Comparing de Honnecourt’s machine to the whipmag, one can already see that the whipmag has a striking similarity in design: in both cases, a fundamental ‘asymmetry’ of the system will supposedly keep it accelerating.
One might argue that de Honnecourt’s crude device is mechanical, and arguments against it don’t apply to cool systems built on magnetism. One should then look at a device, erroneously allowed a patent in 1979 (also through Wikipedia), by one Howard Johnson:
Does it look somewhat familiar? According to the patent description, it consists of “A permanent magnet motor comprising, in combination, a stator track defining a track direction and having first and second sides and composed of a plurality of track permanent magnets each having first and second poles of opposite polarity…” In other words, we have a rotating ring of magnets and a fixed ring of magnets, which will supposedly interact in such a way as to produce motion. This system has a number of differences from the whipmag, such as the rotating exterior magnets of the whipmag, but the general principle seems to be the same. The fact that no ‘free energy’ has been produced since 1979 should tell you the success of this device.
Johnson was somewhat, um, ‘creative’ in his explanation of how the device could overcome ordinary physical law. “It is my belief that the full potential of magnetic forces existing in permanent magnets has not been recognized or utilized because of incomplete information and theory with respect to the atomic motion occurring within a permanent magnet. It is my belief that a presently unnamed atomic particle is associated with the electron movement of a superconducting electromagnet and the lossless current flow of Amperian currents in permanent magnets.” (Emphasis mine.)
And radically new physics would be required for this device, or the whipmag, to truly provide ‘free energy’: conservation of energy of electromagnetic fields is well-established.
But couldn’t there be some previously undiscovered ‘loophole’ in the laws of physics, which this device takes advantage of? I now take a little digression and mention the recent lawsuit filed to try and prevent the new high-energy physics collider (the LHC) from going operational. The filers fear that the exotic energies produced by particle collisions at the LHC might spawn mini-black holes which could gobble up the planet, or spawn exotic new particle types that could eat the entire universe!
The official website for CERN ( European Organization for Nuclear Research) addresses the issue nicely, in a way that should be mentioned more often:
Accelerators recreate the natural phenomena of cosmic rays under controlled laboratory conditions. Cosmic rays are particles produced in outer space in events such as supernovae or the formation of black holes, during which they can be accelerated to energies far exceeding those of the LHC. Cosmic rays travel throughout the Universe, and have been bombarding the Earth’s atmosphere continually since its formation 4.5 billion years ago. Despite the impressive power of the LHC in comparison with other accelerators, the energies produced in its collisions are greatly exceeded by those found in some cosmic rays. Since the much higher-energy collisions provided by Nature for billions of years have not harmed the Earth, there is no reason to think that any phenomenon produced by the LHC will do so.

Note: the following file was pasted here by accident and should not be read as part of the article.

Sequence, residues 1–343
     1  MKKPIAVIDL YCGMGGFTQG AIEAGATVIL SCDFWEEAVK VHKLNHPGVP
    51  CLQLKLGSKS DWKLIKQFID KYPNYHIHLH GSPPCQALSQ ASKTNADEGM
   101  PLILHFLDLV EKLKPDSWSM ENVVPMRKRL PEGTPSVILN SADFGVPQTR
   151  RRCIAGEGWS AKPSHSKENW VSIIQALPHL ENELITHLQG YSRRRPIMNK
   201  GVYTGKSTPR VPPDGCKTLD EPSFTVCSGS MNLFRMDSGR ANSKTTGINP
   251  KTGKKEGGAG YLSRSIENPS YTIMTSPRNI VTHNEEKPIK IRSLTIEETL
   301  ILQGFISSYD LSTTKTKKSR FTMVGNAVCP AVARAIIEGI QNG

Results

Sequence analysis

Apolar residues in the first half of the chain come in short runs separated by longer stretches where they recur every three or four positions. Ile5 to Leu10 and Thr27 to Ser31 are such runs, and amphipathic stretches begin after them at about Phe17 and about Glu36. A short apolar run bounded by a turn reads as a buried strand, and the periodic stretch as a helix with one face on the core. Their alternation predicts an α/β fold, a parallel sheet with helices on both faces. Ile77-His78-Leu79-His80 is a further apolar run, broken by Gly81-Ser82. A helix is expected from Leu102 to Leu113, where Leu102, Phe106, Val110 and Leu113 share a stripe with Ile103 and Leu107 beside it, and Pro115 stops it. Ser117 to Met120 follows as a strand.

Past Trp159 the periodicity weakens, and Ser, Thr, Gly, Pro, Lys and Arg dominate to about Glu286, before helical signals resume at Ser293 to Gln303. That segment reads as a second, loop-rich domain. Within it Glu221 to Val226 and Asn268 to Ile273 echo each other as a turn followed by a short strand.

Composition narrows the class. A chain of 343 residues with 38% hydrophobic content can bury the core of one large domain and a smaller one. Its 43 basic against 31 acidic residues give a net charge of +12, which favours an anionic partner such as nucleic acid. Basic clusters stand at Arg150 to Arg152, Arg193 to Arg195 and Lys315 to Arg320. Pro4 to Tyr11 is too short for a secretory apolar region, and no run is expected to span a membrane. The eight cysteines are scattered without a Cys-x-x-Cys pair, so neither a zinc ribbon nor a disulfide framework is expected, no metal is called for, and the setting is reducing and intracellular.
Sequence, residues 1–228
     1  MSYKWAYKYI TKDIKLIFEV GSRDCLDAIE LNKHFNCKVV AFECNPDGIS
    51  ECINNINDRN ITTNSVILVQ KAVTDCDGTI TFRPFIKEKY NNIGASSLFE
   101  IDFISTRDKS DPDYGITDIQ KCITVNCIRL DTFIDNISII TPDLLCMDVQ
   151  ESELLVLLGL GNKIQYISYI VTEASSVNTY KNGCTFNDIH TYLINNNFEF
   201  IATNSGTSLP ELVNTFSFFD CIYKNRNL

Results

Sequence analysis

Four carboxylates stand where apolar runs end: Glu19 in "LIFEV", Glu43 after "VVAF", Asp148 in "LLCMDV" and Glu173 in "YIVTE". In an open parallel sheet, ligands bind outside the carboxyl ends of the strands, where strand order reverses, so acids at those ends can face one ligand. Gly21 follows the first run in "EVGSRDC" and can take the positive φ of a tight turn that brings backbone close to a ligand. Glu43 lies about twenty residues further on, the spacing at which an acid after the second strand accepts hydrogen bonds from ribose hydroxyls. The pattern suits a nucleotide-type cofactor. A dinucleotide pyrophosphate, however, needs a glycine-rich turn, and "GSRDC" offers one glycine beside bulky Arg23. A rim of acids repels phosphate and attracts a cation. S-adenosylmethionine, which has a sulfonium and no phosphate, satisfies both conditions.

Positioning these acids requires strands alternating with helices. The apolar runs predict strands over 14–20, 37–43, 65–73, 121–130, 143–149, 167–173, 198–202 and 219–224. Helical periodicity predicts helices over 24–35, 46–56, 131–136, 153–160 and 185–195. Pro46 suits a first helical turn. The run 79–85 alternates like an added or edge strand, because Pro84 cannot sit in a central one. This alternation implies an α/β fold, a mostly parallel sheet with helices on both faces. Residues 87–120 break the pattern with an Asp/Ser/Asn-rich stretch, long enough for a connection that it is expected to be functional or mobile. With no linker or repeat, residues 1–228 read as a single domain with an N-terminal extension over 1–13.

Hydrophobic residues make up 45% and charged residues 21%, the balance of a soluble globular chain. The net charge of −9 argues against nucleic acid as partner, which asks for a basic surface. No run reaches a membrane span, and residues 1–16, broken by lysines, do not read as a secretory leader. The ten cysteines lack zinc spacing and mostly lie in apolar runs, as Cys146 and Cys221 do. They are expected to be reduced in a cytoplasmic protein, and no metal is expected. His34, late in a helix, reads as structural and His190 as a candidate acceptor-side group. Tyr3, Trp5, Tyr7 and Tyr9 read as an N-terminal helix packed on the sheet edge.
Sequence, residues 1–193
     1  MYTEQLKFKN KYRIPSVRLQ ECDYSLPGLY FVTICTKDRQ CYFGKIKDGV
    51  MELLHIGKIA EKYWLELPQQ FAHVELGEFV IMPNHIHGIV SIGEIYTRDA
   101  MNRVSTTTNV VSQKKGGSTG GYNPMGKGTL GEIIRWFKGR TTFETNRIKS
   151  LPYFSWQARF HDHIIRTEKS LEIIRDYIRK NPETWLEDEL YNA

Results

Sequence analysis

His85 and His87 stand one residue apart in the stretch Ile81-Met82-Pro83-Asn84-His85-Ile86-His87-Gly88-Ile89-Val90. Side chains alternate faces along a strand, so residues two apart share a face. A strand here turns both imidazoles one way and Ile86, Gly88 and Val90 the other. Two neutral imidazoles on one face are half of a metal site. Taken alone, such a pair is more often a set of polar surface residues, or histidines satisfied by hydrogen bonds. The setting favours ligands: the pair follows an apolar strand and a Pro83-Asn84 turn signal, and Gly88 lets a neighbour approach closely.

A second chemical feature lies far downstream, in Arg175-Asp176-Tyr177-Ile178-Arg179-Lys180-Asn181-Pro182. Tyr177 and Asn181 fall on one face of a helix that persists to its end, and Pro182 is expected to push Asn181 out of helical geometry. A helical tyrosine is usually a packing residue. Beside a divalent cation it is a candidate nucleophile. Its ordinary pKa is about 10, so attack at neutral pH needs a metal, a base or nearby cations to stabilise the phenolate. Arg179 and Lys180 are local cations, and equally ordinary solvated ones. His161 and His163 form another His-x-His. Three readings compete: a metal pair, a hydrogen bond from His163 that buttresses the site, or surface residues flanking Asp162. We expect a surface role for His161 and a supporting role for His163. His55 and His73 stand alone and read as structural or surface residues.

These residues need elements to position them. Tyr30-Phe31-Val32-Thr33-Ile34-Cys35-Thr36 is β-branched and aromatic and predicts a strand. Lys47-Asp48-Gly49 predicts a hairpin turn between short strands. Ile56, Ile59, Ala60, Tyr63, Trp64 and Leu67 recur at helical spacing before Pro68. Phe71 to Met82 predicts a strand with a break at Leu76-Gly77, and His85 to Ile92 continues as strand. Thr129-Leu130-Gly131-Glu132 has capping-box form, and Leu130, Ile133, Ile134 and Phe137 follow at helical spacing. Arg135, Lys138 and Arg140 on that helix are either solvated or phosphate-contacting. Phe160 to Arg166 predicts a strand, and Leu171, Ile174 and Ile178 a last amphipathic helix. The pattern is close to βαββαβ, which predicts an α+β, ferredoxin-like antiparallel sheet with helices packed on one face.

In other words, the CERN accelerator isn’t doing anything that hasn’t happened in the Earth’s atmosphere since the origin of the planet – the only difference is that the collisions done at the LHC will be in a location where they can be measured!
This is a good guideline when looking at the likelihood of dramatic violations of the known laws of physics: The universe is a big, big place: if there is the remotest chance of it happening, it’s probably happened already, lots of times.
A nice example of this is the laser, which is often described as “a remarkable source of light, not to be found in nature.” (I’m paraphrasing Goldfinger.) This is, strictly speaking, true, but a close microwave analogy is observed all the time by astronomers, and is known as an astrophysical maser.
The LHC won’t destroy the universe, and one should view the claim of perpetual motion with similar skepticism. If it were so easy to violate conservation of energy as to assemble a nice collection of permanent magnets and spin them in just a certain way, I would expect to see violations pretty much everywhere, to such a degree that nobody would have ever even suggested ‘conservation of energy’ in the first place! Someone may yet find a way to cheat the universal energy bean-counters, but they’ll need to do something far more exotic.
Let me conclude with two observations. First, it is worth asking, how have attempts to replicate the experiment been working out? To quote from the whipmag wiki again,
“We expect that additional replications will continue to emerge, documenting, characterizing, and improving on the effect, though the initial difficulty has put a damper on the enthusiasm that initially ensued after Al’s first video was posted.
The design, apparently, is quite temperamental with very narrow tolerances. Not all the original specs are known because Al did not source things from catalogues, but basically used what was lying around in some cases, such as magnets.”
(Emphasis mine, again.) Not surprising at all. A characteristic of a lot of ‘voodoo science’ is the fussiness and lack of repeatability of the experiments. (Speaking of which, Bob Park’s book Voodoo Science is an excellent resource for further understanding the problems with perpetual motion.)
Finally, if you don’t believe me, I think the following fellow does a very nice job of summarizing the problems with the whipmag: